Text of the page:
POCATELLO, Idaho (AP) -- Whether it's taking a 200 plus-inch Boone and Crockett mule deer, a 350-inch bull elk or a first-year hunter bagging a young buck, each is a trophy, with a story that will provide years of memories.
Each sportsman has a different reason for trekking the mountains and valleys stalking prey. Some hunt to be with their family and friends, others for meat and still others search for a truly magnificent trophy animal.
Richard Jeppson, owner of Jeppson's Highland Taxidermy in Pocatello, has seen it all and has preserved animals from spike bulls and fork-horn bucks to Argali sheep and bison.
''Trophy animals are different to everyone,'' says Jeppson. ''And each animal and hunt has its own story that is what taxidermy does, preserve the memories.
''You've heard the saying, 'you can't eat the antlers,' so we use those parts that would generally be wasted.''
To preserve a trophy for mounting, there are several steps.
One of the most common problems Jeppson sees when hunters bring their animals through the door of his shop are unusable capes. The cape is the skin of the animal from the center of the rib cage forward over the head of the animal.
''Ten to 40 percent of the capes should be replaced,'' says Jeppson. ''There's everything from poor care, poor skinning, or damage from bullet holes or falls.
''One thing a lot of people don't know is that taxidermists usually charge for unnecessary cuts and any damage they have to repair. And if the cape is unusable and they still want the animal mounted it can cost anywhere from $50 to $500 for a mule deer replacement cape and $35 to $100 for an elk.''
Cape costs are determined by the size, quality and season of the year the animal is harvested and if they want the cape to look like the one on the animal.
In order to be prepared, hunters need to understand what they must do before seeing a taxidermist.
Here is a list of pointers Jeppson gives to make the animal look the best and keep the costs down:
-- Hunters need to talk to the taxidermist before going hunting. Some taxidermists have different requirements, or like animals handled differently. Some will charge extra for caping the animals, while others include the skinning charge in the mount's cost.
If you are in an area remote from your truck, here are the steps you need to take:
-- Once the animal is down, don't cut its throat. If the animal is dead, cutting its throat will not help it bleed out more than it already has because its heart has stopped.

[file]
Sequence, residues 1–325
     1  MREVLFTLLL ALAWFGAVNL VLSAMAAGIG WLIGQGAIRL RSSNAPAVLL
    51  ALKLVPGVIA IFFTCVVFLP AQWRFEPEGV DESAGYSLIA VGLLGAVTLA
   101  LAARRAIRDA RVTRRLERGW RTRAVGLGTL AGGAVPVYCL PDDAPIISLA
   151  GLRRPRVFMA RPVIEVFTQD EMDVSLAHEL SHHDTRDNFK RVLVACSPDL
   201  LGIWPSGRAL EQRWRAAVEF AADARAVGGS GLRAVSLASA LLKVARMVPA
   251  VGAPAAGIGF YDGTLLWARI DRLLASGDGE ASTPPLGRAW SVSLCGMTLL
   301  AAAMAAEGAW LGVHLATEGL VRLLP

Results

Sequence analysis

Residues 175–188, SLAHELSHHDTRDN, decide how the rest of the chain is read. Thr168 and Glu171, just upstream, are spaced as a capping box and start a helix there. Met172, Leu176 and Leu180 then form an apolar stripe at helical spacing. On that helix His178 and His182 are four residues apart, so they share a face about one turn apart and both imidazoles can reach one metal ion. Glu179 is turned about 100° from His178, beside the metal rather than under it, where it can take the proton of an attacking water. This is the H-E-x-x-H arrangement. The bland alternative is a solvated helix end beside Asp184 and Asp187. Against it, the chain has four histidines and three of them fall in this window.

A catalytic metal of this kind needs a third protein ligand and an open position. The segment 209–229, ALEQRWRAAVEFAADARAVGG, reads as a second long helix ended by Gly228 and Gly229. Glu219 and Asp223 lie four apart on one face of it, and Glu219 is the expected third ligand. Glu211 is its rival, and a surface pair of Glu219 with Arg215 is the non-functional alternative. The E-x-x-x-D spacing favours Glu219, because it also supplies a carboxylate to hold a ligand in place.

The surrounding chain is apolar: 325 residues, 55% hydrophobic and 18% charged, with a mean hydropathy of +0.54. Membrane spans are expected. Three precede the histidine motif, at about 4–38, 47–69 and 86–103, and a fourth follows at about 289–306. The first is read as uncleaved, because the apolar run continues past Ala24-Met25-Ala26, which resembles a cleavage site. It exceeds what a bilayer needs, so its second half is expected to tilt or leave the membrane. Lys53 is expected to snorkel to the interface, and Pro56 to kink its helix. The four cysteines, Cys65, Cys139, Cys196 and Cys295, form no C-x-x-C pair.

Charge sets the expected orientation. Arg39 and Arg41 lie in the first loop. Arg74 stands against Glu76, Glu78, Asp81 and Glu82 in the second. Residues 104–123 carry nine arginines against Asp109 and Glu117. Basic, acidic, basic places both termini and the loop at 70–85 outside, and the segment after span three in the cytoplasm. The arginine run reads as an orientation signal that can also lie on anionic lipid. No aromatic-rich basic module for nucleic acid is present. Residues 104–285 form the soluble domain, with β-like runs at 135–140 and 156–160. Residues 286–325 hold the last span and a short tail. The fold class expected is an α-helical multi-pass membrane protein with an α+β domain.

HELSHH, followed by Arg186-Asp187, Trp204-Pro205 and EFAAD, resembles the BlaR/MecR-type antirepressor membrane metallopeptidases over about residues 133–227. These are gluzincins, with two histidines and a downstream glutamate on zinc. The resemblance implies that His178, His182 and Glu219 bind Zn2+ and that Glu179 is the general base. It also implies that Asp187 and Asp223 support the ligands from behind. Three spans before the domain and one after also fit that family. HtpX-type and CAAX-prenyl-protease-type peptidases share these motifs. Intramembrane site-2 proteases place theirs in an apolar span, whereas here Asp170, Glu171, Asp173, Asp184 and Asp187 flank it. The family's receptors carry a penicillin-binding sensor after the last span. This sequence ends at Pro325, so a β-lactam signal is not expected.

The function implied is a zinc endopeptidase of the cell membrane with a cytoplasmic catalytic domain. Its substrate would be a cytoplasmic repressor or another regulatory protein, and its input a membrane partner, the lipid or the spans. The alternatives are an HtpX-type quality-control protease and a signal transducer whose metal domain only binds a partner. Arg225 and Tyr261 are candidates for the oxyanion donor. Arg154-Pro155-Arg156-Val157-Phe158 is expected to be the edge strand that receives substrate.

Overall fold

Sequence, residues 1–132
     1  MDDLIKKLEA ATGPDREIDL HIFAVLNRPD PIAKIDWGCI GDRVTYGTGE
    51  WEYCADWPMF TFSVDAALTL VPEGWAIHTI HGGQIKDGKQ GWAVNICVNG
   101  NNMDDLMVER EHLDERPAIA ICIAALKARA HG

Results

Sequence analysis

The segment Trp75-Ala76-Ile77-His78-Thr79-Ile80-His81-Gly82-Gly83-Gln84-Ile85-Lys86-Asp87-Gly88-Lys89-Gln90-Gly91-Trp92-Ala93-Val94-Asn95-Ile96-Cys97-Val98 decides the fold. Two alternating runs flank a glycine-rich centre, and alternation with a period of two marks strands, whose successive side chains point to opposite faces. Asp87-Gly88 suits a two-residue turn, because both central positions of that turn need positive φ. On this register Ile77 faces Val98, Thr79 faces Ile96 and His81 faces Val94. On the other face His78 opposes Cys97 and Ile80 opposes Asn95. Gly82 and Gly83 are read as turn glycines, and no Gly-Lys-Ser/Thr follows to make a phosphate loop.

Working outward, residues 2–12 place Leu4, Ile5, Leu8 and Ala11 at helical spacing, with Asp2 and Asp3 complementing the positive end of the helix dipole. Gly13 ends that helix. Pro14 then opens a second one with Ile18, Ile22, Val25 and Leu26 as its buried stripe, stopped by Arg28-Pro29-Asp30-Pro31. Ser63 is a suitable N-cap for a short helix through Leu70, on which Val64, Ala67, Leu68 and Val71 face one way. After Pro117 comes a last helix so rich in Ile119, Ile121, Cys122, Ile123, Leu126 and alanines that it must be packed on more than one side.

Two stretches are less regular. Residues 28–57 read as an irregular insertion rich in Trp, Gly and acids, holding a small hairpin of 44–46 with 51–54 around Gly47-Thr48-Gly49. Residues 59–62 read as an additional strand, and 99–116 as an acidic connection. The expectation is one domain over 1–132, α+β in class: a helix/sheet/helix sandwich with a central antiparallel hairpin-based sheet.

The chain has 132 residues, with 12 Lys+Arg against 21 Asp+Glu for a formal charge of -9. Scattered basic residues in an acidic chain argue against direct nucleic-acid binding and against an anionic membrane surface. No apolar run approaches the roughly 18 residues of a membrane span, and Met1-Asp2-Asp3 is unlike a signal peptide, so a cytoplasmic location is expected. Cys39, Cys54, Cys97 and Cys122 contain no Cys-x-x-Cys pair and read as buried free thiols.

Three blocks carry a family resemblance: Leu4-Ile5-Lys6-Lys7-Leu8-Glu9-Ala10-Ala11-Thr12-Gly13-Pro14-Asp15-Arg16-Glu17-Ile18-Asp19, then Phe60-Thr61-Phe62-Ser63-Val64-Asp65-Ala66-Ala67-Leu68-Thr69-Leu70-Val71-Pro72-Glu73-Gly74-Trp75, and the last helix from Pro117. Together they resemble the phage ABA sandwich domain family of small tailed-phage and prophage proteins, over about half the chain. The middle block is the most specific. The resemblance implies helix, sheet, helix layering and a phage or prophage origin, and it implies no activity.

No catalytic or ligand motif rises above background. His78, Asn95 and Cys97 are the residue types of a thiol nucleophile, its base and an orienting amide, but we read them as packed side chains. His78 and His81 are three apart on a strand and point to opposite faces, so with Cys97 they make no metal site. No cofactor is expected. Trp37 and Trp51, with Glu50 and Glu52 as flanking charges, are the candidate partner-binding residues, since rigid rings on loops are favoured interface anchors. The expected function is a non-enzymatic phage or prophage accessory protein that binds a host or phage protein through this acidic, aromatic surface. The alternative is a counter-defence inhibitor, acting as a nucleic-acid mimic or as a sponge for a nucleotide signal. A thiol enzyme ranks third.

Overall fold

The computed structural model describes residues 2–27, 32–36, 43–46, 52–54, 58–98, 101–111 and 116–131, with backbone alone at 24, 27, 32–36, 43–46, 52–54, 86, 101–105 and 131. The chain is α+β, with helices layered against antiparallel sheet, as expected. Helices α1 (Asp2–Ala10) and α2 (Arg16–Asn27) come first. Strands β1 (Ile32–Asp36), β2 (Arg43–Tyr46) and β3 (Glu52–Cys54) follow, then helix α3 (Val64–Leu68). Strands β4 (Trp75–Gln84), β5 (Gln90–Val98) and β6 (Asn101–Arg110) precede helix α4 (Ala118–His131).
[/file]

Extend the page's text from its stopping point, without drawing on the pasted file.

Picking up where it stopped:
-- Before gutting the animal, remove the cape. According to Jeppson, even rolling the animal over can damage the cape if it hits a sharp rock or slides downhill.
When removing the cape, start at the center of the body and skin forward to about six inches behind the base of its head and cut it off at the neck. This can be taken off with three cuts; one around the diameter of the body, and one cut around each of the front legs right at or just above the knee joint.
The leg below the knee joint will have to be removed so the hide can be pulled over. If the cape can't be removed in this fashion, a fourth cut may be made down the center of the back, six inches from the back of the skull.
To help protect the meat, lay out a large tarp to skin on. This will keep dirt off the meat. After the cape is removed, lay the flesh sides together and roll up, and remove the shoulders and meat and place in a game bag.
If the weather is hot, capes can begin deteriorating, hair may slip and the hide spoil the hide will need to be removed from the head.
Take three measurements: one around the animal's neck at the union with the skull, one from the tip of the nose to the corner of the eye, and the last from the tip of the nose to the back of the skull.
Split the hide up the neck and make a Y cut to the base of each antler. Remove all the hide from the head, including eyelids and inner eye lining, nostrils and gums and lips.
People unfamiliar with this process can ruin the cape and should watch the process being done before hunting in the back country for once-in-a-lifetime game animals.
Do not store the cape in plastic bags, but in a meat sack so the hide can breathe just like the meat. Hides need to be taken care off just like the meat, but will often rot because of bacteria.
''People need to get the cape to the taxidermist faster than getting the meat to the locker,'' says Jeppson. ''In cool weather, I like to have the capes within 24 hours and in hot weather, the faster the better.
''Don't wash the hide and get it wet it makes it deteriorate and it will rot faster.''
Animals taken in early season with velvet are even harder to take care of.
''Velvet has to be taken care of almost instantly,'' says Jeppson. ''Don't even touch the velvet with your hands get it in a cooler or to the taxidermist as quickly as possible.''
For more information on preserving hunting or fishing trophies, contact a taxidermist before heading out.
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